Just over a year ago, I was one of the millions who watched the heavily promoted “Super Bowl Sunday” episode of NBC’s “This Is Us.” The episode revealed, at long last, how the Pearson family’s beloved patriarch, Jack (Milo Ventimiglia), had died.
The tissue boxes were undoubtedly close at hand across America as Jack valiantly rescued his family from a raging house fire. In the end, he was felled by a heart attack — the result of smoke inhalation. It was a pivotal and long-awaited episode, but it was particularly significant for me.
I had lost my own father just two months earlier. He hadn’t died in the aftermath of a dramatic blaze, but the result was the same. One minute, my dad was there — he had always, unfailingly, been there — and the next, he wasn’t.
And there was a painful parallel in Jack’s unexpected cause of death, which turned out to be a “widowmaker” — one of the most dangerous types of heart attack. It was the same ghastly term an ashen-faced doctor used while telling me and my sister that our 54-year-old father had died.
The Pearson home went up in flames because, of all things, a faulty Crock-Pot. But somewhere beneath the melodrama, I found unexpected catharsis in watching this fictional family grapple with an unthinkable loss that so closely mirrored my own.
Cliches abound about grief being a process, a journey, a marathon, not a sprint. But that’s why “This Is Us” felt so authentic, and a reflection of my loss in near real-time: The Pearsons’ grief isn’t the subject of multi-episode arcs; it’s stitched into the fabric of the show.
“My mom died 10 years ago, unexpectedly. It’s the hinge upon which my life swings,” “This Is Us” creator Dan Fogelman tweeted just after the pivotal episode aired. “Jack’s death is the Pearson hinge.”
"Super Bowl Sunday" left me raw enough that it took me more than a month to watch the next episode, which featured flashbacks of Jack's wife Rebecca (Mandy Moore) and her children at his funeral. "The Car" is a staggering portrait of grief — the exhaustion, the questions, the what-ifs — and its ability to tear families apart.
By the time I got around to watching it, I had come to terms with the fact that my dad was gone. But I hadn't managed to silence the what-ifs. What if I'd gone to see him the day before instead of just talking to him on the phone? What if he had been taken to another hospital, the one roughly eight miles down the road, that specialized in cardiovascular care?
And I couldn’t yet silence my biggest questions, the ones that made my heart drop whenever they came to mind, which was at least once a day: Did my dad know he was going to die? Was he scared?
Fogelman always knew that Jack’s death “was going to be a central defining moment” for the show, he said in an interview. But he doesn’t necessarily view it as grief — at least not the kind of unbearable sadness that leaves room for little else.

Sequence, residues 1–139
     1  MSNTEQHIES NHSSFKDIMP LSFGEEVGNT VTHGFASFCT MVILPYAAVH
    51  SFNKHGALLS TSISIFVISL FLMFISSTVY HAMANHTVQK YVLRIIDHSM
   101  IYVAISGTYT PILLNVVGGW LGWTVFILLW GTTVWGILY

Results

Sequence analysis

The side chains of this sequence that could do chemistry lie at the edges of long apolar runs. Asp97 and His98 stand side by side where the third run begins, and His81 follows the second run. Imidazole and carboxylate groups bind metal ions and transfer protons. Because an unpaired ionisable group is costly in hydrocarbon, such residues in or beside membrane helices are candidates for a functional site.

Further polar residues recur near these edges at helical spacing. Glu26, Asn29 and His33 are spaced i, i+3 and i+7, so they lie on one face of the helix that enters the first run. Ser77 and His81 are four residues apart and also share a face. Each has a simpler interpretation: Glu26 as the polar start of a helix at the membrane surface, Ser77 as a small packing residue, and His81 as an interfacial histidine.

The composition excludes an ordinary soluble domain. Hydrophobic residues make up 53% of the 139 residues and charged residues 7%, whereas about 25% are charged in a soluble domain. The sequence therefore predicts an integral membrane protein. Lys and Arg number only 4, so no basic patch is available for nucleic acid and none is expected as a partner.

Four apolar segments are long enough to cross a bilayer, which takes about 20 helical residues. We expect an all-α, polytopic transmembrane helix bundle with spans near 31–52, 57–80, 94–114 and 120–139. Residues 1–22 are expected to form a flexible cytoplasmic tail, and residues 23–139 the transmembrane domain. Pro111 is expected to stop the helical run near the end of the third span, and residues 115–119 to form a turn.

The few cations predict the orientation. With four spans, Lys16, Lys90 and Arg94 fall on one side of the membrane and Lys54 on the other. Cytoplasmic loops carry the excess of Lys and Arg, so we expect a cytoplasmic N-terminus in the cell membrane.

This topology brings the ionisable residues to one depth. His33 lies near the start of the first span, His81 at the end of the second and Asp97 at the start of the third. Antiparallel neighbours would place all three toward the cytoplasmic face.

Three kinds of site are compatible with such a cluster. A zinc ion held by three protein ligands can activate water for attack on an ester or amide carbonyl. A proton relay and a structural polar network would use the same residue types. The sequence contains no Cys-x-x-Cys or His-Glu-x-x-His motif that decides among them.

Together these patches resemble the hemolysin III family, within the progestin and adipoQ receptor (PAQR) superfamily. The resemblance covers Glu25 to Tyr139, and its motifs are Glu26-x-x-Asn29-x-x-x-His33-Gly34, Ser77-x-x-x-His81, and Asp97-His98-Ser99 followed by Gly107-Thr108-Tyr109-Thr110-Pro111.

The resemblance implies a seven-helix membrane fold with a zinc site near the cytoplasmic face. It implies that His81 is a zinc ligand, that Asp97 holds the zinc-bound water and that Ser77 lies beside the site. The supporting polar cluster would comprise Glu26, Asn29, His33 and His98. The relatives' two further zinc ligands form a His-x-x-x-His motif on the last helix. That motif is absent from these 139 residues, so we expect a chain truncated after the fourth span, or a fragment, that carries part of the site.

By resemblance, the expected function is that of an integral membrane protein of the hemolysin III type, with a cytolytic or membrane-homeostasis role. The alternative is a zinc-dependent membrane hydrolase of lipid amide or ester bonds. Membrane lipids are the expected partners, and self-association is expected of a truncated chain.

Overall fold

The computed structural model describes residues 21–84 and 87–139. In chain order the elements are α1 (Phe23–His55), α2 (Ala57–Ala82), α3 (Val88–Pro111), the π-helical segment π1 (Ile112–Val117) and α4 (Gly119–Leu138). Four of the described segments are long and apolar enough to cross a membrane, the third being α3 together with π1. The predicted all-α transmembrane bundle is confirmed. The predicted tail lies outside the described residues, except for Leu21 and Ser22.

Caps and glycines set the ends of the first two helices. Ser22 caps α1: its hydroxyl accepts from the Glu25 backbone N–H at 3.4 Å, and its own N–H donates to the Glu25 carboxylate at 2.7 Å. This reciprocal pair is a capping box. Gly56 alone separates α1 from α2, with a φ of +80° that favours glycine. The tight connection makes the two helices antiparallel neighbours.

The question at the heart of the show, Fogelman said, is “What happens to a person or a group of people when they lose the key instrumental figure in their lives?”
My father and I talked just hours before he died. He was the person I would call if I needed anything — advice, help with a home improvement project, a good laugh.
Losing him is the worst thing that has ever happened to me. It’s also inextricably linked to the best.
I was 37 weeks pregnant the morning I woke up to a hysterical call from my sister and a flurry of missed texts from my aunt, who would only tell me that my father was in the hospital and that I needed to get there as soon as possible. Thirteen days later, I gave birth to a beautiful girl with dark brown eyes, a head full of hair and a Pop-Pop she would never meet.
I had not expected to see my loss reflected so poignantly on television, which I watched listlessly in the early days of a maternity leave that had been hijacked by emotional trauma. Later that year, I would also find threads of my experience in “Sorry For Your Loss,” a thoughtful Facebook Watch drama about a young woman mourning the unexpected death of her husband, and the third season of CW’s “Jane the Virgin,” which managed to deeply explore a similar loss amid zany telenovela-inspired plotlines.
But “This Is Us” most closely resembled what I was going through. And the show has continued to bring me comfort as the Pearsons move forward — and look back.
Of course, “This Is Us” isn’t just about grief. And “The Car” isn’t just about Jack’s funeral: The episode explores the weight of the Pearsons’ loss through a Jeep Wagoneer that a determined Jack buys for his family. In one flashback, Jack helms the station wagon while teasing Rebecca for being scared to drive across a bridge.
But by the end of the episode, Jack is gone. Rebecca, having spent the day mourning, steels herself behind the wheel and charges the Wagoneer across the bridge.
And in a way, I, too, made it across that bridge.